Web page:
Richard (now Radhanath Swami)’s innocent expectations were disappointed when the ‘peace’ conference organized by Christopher Hills turned violent. Three thousand people thronged for the grand finale but Hills announced that the programme must conclude at sharp 7.00 p.m. Richard wondered how could a programme of so many Swamis end on time; after all that meant not all would get a chance to speak. As the deadline approached and it became clear that not all would speak, some of them began barraging Hills with insults and soon there was uproar; many yogis fought to grab the microphone. As they rambled aggressively like politicians, the yogis’ behaviour shocked the audience. The men supposed to bring peace and harmony to the world, were fighting bitterly on stage, right in public eye.
Richard felt consoled by Swami Satcitananda who in a tender voice said to Richard that all are struggling at their respective level of progress, and we can’t expect all to be perfect. He explained that instead of fighting for peace we have to find peace within ourselves first. Swami Satcitananda had maintained grace and dignity through the chaos.
Radhanath Swami also appeals to his audiences to discover peace within ourselves first. He also talks of the need of the soul to go beyond peace. Most people who meditate do so to find peace. But Radhanath Swami claims that this is not all that the soul really wants. “We do not care for peace”, he says, “We want love. The perfection of life is not simply a neutral condition of peace, but love.” What does Radhanath Swami mean by Love?
Love means the willingness to sacrifice oneself for the beloved. It is like mother in her relationship with her child. Is the mother concerned for peace in the house or is she concerned with taking nice care of the child? When a woman has a little baby, there is practically no peace in the house. The baby is crying all night long. The baby is responding to nature indiscriminately wherever it goes. The baby is looking for any excuses to hurt, breaking anything it gets it hands on. Now mother can easily just give the baby to somebody else, some baby sitter saying, ‘You take care; I do not want anything to do with this.’ But the mother is running here and there everywhere trying to take care of this child. She is staying up some time all night long. She is worried about the child hurting itself. That is love.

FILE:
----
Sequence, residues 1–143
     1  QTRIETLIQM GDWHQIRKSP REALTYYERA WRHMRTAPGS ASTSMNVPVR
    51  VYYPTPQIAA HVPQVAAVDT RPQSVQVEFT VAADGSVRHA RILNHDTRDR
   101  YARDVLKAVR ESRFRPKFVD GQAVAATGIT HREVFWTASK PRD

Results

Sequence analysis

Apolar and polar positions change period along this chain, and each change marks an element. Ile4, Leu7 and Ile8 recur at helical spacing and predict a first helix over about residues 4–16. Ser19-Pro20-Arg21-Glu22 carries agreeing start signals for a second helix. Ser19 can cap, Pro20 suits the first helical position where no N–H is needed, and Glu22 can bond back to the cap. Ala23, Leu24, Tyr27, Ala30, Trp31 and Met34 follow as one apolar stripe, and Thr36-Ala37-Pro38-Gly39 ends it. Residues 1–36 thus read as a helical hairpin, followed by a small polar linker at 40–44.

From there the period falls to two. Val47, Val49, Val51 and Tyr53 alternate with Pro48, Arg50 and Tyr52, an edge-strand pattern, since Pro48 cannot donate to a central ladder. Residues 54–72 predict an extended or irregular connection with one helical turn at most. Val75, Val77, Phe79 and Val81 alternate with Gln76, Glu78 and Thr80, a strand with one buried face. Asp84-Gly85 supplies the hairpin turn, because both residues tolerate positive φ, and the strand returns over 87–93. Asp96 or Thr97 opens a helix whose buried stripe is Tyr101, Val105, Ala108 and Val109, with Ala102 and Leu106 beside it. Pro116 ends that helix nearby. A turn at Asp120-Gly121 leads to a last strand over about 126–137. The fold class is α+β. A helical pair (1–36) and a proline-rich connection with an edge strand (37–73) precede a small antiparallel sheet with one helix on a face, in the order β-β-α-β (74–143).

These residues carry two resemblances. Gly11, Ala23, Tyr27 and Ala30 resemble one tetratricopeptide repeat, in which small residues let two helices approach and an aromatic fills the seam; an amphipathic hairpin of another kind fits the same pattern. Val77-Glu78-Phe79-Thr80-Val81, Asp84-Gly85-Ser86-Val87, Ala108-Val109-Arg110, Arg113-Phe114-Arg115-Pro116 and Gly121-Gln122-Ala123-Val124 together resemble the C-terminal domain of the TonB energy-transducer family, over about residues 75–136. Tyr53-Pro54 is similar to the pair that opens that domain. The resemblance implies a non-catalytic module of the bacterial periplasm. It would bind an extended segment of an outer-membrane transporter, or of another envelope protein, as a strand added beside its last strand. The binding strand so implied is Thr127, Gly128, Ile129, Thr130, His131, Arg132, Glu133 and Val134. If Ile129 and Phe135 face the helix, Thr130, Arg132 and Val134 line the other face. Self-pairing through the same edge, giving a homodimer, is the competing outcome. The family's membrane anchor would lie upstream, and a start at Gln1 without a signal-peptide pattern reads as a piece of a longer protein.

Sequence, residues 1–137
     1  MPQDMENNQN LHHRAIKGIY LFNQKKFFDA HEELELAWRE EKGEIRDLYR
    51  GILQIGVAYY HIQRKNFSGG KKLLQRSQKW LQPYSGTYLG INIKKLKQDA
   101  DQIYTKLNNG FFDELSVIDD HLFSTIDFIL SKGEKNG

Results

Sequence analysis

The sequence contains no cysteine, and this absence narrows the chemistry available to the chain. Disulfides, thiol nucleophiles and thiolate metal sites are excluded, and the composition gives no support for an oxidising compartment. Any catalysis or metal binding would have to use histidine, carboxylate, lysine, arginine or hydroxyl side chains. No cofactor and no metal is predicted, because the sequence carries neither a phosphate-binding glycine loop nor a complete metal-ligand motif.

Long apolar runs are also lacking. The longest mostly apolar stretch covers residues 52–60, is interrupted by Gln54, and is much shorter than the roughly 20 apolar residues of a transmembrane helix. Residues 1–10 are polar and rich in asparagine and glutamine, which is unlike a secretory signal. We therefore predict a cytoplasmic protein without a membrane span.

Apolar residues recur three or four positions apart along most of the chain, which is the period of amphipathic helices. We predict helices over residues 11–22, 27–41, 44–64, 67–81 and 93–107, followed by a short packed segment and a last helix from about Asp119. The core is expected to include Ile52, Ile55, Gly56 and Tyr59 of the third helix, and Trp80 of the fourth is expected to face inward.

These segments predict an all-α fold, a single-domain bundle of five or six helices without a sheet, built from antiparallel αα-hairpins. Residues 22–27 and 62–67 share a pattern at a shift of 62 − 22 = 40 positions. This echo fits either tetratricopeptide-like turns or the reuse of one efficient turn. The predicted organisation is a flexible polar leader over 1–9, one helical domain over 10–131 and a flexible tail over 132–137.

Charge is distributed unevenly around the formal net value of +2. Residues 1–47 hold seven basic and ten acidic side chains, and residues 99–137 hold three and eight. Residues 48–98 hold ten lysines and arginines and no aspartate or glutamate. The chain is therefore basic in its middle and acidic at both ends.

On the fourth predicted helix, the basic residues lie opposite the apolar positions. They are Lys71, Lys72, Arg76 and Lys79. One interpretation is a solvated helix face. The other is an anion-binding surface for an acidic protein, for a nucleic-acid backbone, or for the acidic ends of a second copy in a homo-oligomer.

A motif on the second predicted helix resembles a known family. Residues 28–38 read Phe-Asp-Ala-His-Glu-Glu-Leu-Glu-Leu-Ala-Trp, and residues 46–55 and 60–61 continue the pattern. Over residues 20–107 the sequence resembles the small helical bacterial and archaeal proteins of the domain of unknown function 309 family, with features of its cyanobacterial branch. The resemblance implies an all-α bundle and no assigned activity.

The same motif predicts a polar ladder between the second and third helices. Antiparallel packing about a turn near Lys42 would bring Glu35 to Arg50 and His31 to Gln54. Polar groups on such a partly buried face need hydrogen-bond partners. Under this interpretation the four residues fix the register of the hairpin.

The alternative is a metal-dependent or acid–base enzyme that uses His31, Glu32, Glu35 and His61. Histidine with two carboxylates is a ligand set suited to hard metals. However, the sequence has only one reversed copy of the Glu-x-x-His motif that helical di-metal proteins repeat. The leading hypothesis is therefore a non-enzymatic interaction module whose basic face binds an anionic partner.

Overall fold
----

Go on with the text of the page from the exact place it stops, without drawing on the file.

Hearing Radhanath Swami’s explanation of Love, I can clearly see that Love is higher than peace, because in that love is eternal peace—not the peace of the mind, but the peace of soul. Even in an ordinary relationship we can see that if a couple says they are peaceful, it simply means they are not fighting. But if there is love, there is dynamic exchange of emotions; Love is not static. Peace is negation of misery; love is a positive expression of the heart. Radhanath Swami reveals, “Love means sacrifice—sacrificing even our own peace for the pleasure of the beloved.” I am stunned at the depth of Radhanath Swami’s spiritual consciousness.